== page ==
Senior GPs’ salaries have risen to their highest in six years at a time when patients are finding it harder than ever to get an appointment.
Latest NHS figures for 2017 show the average salaries of partner GPs – who are in charge of running surgeries – have risen to £111,500, a 5.2 per cent rise within a year.
Their pay is now at the highest level since 2012 despite the fact that patients’ satisfaction with surgeries is at an all-time low.
The British Medical Association, the doctors’ union, said salaries had gone up because GPs were leaving the profession and there was more money to go round.
GP practices receive money from the NHS via local Clinical Commissioning Groups depending on the services they provide and the number of patients on their book.
Doctors take their salaries out of this pot so if there are fewer of them in the surgery there is more money to go round.
Yet patients’ are the least satisfied with their GP services since records began 35 years ago and a quarter are waiting a week or more for an appointment.
Partner GPs, who are in charge of running doctors’ surgeries, now earn an average of £111,500 a year, while the average salary for all GPs has risen to £92,500, NHS figures reveal
Yesterday’s figures from NHS Digital show the average salary for all GPs in 2016-17 was £92,500, up from £90,100 in 2015-16.
But for partner GPs salaries rose from £106,000 to £111,500 in the same period.
GPs’ salaries benefited hugely from a contract introduced by Labour in 2004 which also allowed them to opt out of evening and weekend work.
Average pay to for partners increased to £100,000 a year thanks to a controversial bonus scheme which enabled them to earn extra cash for monitoring and treating certain conditions.
Pay has risen higher because there are fewer GPs
But in recent years their salaries have fallen because surgeries have received less money from the NHS due to cutbacks.
The BMA said a ‘significant proportion’ of this year’s pay rise was as a result of a fall in GP numbers, particularly partners.
Experts said patients would wonder why their salaries were going up at a time of severe NHS cutbacks and a dramatic fall in satisfaction.
‘Taxpayers will wonder whether these increases are necessary’
JUNIOR DOCTORS PLOT NEW STRIKE OVER PAY
Junior doctors are plotting strike action which threatens fresh chaos for the NHS.
Leaders of their union the British Medical Association are furious after junior doctors were offered only a 1 per cent pay rise last month.
Polling of 2,500 junior doctors suggested more than 80 per cent are willing to strike.
The BMA’s most senior members – its council – will now decide whether to carry out a formal ballot of up to 55,000 junior doctors.
Junior doctors last took industrial action in 2016 and four separate walkouts that winter caused huge disruption for hospitals.
About 23,000 operations and 100,000 outpatient appointments were cancelled between January and April that year and many patients waited months to be rescheduled.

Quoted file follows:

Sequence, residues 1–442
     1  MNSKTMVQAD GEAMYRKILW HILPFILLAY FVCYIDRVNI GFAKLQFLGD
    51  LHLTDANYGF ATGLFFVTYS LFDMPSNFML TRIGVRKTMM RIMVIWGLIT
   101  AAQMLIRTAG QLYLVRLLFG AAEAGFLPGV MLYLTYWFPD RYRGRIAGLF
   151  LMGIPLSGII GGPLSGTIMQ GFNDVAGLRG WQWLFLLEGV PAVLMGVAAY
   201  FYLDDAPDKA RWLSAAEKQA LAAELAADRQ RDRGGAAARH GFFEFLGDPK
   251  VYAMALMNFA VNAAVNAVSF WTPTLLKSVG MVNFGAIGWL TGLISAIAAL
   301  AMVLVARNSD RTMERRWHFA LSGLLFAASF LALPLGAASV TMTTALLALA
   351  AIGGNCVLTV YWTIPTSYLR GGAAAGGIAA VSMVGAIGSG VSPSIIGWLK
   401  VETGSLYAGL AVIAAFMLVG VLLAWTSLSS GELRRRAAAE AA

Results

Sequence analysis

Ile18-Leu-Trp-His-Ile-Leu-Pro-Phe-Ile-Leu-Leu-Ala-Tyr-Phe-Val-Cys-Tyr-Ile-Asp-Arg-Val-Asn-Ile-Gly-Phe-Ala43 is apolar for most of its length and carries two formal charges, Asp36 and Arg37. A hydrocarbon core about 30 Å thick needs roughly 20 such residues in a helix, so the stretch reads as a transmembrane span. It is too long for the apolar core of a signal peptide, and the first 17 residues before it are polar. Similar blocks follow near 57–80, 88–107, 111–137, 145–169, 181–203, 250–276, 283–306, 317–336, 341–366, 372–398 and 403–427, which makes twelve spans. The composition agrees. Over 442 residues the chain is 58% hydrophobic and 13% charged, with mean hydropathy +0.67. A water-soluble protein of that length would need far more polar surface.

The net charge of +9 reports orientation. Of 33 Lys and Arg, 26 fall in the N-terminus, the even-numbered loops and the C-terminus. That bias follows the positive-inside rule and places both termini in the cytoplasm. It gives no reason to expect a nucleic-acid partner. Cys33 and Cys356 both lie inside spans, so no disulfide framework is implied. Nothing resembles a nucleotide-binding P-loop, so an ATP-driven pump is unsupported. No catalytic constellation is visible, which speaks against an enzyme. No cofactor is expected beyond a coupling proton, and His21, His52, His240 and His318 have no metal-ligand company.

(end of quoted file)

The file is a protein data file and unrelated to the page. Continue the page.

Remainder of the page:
The junior doctors committee chairman Jeeves Wijesuriya wrote last month: ‘This is no pay increase. This is yet another real-terms pay cut.’
John O’Connell, chief executive at the TaxPayers’ Alliance said: ‘GPs in Britain are already well paid by international comparisons, so taxpayers will wonder whether these increases are entirely necessary.
‘A lot of the NHS budget is thrown into inflated wages for those at the top and we need to make sure that every penny in the health budget is spent effectively.’
Earlier this month NHS England’s GP Patient Survey showed that a quarter of patients were waiting a week or more for an appointment, and a third were struggling to get through on the phone
A separate report in March – the British Social Attitudes Survey – showed that patients’ satisfaction with GPs had fallen to its lowest level in 35 years.
Average satisfaction levels fell by 7 per cent to 65 per cent, marking the lowest figure since the research started in 1983.
‘Earnings have risen but partners are forced to work longer hours’
Dr Richard Vautrey, chair of the BMA’s GP committee said: ‘After a decade during which GP pay fell by 20 per cent, something that has had a real impact on GP recruitment, retention and morale, at long last GPs may be seeing an end to repeated pay cuts.
‘While earnings may have risen, over the same time frame we have seen the workforce crisis deepen, with the number of full-time equivalent GPs in England falling by more than 2 per cent, and partners by more than 4 per cent.
‘GPs are therefore spreading themselves more thinly.
‘With partners unable to hire more doctors, they themselves are taking on additional work, are forced to work longer hours.
‘They are placing further pressure on themselves to deliver care to patients amid mounting demand.’
‘It is likely that the falling workforce accounts for a significant proportion of the apparent rise in an average partner’s salary, as funding allocated to them to meet the needs of their patients is shared between fewer doctors.’